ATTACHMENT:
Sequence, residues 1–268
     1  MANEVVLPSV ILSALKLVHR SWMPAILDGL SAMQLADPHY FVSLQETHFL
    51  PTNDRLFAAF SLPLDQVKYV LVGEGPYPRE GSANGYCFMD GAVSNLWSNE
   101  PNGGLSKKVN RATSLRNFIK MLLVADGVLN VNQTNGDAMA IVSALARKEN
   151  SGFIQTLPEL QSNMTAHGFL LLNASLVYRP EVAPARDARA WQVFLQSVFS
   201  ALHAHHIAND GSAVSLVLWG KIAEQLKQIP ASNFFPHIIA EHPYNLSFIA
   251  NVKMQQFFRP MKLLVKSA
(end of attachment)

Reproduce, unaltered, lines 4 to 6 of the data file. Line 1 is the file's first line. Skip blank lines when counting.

   101  PNGGLSKKVN RATSLRNFIK MLLVADGVLN VNQTNGDAMA IVSALARKEN
   151  SGFIQTLPEL QSNMTAHGFL LLNASLVYRP EVAPARDARA WQVFLQSVFS
   201  ALHAHHIAND GSAVSLVLWG KIAEQLKQIP ASNFFPHIIA EHPYNLSFIA